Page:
Compelling evidences have rendered the tumor microenvironment a crucial determinant in cancer outcome. Activating transcription factor 3 (ATF3), a stress response transcription factor, is known to have a dichotomous role in tumor cells, acting either as a tumor suppressor or an oncogene in a context-dependent manner. However, its expression and possible role in the tumor microenvironment are hitherto unknown. Here we show that ATF3 is upregulated in the stromal compartment of several types of cancer. Accordingly, Cancer-associated fibroblasts (CAFs) ectopically expressing ATF3 proliferated faster as indicated by increased colony-forming capacity and promoted the growth of adjacent tumor cells when co-injected into nude mice. Utilizing a genome-wide profiling approach, we unraveled a robust gene expression program induced by ATF3 in CAFs. Focusing on a specific subset of genes, we found that the ability of stromal ATF3 to promote cancer progression is mediated by transcriptional repression of CLDN1 and induction of CXCL12 and RGS4. In addition, regulation of LIF, CLDN1, SERPINE2, HSD17B2, ITGA7 and PODXL by ATF3 mediated the increased proliferation capacity of CAFs. In sum, our findings implicate ATF3 as a novel stromal tumor promoter and suggest that targeting ATF3 pathway might be beneficial for anticancer therapy.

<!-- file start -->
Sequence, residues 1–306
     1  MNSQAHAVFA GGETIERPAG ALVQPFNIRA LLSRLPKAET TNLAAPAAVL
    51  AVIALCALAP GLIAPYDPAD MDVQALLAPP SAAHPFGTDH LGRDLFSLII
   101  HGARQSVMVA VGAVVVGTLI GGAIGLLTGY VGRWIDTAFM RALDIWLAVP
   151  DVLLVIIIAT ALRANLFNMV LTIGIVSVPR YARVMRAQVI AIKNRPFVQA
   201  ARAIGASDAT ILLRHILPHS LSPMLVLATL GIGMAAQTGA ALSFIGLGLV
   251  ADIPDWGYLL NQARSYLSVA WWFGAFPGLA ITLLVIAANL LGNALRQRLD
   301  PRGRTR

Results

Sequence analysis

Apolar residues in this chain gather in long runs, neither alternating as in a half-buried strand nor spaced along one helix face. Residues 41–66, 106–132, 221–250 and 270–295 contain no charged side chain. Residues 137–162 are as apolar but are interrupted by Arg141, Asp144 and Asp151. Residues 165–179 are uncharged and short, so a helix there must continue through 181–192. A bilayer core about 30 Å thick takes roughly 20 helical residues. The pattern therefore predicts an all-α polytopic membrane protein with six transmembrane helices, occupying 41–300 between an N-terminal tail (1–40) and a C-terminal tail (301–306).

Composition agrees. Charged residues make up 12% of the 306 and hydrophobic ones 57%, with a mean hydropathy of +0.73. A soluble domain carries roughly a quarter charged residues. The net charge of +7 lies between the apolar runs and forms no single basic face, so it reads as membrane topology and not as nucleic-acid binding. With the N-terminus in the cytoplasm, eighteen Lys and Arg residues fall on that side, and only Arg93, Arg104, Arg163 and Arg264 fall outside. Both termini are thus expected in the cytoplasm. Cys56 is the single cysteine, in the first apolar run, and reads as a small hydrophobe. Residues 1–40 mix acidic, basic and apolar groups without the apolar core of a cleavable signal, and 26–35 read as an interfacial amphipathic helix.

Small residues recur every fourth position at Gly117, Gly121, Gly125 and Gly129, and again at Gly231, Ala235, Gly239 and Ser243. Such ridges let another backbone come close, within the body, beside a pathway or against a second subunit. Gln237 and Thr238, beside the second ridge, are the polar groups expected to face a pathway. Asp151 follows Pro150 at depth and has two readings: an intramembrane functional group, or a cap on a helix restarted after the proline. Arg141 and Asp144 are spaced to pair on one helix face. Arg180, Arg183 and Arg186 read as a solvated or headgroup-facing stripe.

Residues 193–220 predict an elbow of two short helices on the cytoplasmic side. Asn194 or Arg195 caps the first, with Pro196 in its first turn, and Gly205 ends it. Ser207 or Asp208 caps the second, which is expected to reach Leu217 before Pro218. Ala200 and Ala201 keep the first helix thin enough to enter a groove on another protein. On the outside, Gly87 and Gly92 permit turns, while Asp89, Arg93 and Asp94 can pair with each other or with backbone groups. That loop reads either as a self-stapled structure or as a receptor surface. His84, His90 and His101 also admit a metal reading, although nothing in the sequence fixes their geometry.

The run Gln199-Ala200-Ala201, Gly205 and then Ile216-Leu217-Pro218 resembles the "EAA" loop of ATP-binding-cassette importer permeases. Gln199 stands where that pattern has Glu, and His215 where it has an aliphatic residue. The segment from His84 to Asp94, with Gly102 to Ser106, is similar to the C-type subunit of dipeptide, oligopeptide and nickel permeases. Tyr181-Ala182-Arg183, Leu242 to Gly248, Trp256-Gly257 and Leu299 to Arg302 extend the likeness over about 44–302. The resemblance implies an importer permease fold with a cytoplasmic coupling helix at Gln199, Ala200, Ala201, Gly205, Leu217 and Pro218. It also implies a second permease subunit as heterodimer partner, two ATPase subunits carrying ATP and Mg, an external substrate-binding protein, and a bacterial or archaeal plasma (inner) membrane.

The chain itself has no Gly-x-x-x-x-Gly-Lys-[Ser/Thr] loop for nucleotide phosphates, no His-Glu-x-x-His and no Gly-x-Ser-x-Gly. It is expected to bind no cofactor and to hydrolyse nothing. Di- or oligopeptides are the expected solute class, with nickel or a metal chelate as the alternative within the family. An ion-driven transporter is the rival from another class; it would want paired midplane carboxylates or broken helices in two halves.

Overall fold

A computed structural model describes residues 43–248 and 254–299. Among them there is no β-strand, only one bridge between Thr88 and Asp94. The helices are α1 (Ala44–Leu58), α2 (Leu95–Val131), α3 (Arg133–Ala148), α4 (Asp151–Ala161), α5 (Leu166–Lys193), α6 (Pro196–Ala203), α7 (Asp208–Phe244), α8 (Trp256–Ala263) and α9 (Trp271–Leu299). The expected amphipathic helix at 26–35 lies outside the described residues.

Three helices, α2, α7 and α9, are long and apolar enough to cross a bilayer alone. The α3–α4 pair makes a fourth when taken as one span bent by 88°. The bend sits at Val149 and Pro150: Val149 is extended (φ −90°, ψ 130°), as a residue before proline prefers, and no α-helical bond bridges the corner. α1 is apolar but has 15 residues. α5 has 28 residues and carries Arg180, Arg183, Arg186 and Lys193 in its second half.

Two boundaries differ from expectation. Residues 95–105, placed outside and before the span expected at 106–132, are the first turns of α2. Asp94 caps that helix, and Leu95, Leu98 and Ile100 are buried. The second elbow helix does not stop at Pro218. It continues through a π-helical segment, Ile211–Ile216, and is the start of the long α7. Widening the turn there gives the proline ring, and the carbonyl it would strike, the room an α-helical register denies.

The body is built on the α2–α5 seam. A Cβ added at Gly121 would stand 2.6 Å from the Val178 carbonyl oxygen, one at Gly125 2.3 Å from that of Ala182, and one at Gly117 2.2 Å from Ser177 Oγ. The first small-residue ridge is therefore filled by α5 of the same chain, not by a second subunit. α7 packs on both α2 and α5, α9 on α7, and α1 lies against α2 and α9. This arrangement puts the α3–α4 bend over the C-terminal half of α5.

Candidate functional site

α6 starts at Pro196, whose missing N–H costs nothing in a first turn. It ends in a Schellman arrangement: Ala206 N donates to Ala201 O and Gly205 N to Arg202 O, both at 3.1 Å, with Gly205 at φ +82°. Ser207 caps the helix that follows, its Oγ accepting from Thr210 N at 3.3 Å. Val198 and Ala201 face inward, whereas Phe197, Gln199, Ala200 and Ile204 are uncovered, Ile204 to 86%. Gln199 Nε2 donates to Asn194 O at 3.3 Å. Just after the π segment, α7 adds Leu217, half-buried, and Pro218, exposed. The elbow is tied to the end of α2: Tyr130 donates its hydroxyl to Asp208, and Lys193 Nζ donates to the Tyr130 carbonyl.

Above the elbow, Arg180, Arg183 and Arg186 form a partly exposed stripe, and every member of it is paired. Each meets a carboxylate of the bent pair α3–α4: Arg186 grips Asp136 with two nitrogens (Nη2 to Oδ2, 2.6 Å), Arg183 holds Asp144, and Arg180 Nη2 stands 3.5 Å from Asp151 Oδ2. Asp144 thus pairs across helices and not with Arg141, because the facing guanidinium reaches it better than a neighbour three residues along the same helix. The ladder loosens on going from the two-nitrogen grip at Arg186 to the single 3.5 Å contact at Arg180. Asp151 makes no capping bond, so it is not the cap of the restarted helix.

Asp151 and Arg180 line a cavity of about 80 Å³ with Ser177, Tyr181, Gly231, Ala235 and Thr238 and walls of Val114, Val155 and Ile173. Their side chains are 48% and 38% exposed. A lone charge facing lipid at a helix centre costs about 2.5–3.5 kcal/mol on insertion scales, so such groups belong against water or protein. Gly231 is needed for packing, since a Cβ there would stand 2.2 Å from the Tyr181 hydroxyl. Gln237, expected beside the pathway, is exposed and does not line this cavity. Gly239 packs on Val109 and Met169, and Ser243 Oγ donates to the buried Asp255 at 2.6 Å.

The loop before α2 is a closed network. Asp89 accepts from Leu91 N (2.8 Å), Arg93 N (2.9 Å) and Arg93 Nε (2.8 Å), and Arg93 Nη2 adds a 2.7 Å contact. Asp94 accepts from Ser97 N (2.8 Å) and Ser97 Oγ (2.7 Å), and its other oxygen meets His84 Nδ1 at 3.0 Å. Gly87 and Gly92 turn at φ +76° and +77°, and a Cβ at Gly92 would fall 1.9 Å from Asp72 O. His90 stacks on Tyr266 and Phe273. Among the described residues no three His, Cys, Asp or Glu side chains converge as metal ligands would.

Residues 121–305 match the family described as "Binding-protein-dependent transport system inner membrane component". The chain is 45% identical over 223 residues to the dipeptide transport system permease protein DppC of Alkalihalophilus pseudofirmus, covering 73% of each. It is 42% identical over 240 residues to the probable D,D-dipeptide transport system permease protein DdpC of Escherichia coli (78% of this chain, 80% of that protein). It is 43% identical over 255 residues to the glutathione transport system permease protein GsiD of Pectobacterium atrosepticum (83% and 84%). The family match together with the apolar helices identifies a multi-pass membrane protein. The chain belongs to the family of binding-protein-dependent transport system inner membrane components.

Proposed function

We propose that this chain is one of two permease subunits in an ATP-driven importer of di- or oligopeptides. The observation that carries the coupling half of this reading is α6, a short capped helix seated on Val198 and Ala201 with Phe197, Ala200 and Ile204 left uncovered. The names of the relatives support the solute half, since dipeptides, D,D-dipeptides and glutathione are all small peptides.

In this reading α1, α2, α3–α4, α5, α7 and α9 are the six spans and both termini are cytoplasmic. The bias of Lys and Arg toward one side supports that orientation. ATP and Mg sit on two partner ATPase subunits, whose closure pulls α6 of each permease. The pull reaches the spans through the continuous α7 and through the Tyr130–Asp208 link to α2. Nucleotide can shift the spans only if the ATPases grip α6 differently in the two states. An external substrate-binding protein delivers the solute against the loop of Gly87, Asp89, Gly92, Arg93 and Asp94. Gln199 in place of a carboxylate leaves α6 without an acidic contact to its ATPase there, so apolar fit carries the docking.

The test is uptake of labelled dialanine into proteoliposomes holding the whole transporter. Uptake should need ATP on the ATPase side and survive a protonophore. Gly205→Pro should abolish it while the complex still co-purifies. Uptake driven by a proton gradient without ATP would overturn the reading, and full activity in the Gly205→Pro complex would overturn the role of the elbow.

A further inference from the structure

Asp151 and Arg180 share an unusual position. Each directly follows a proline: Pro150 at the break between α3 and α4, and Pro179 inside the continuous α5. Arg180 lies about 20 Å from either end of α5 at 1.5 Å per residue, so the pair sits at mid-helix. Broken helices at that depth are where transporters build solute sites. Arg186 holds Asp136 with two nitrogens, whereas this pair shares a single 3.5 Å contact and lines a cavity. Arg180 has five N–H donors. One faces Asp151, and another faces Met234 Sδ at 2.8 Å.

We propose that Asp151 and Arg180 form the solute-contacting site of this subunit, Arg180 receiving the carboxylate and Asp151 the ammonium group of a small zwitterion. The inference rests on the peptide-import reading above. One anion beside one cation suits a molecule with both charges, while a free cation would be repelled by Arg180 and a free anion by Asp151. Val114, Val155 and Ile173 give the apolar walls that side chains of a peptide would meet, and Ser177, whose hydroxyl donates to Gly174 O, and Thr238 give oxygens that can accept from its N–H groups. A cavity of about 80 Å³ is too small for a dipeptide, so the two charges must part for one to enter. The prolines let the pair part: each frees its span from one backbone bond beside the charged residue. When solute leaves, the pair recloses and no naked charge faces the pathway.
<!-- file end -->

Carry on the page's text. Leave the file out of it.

Bibliographical noteFunding Information:
Center of Excellence grant from Flight Attendant Medical Research Institute, Yad Abraham Center for Cancer Diagnosis and Therapy and by European Community FP7-INFLACARE number-223151.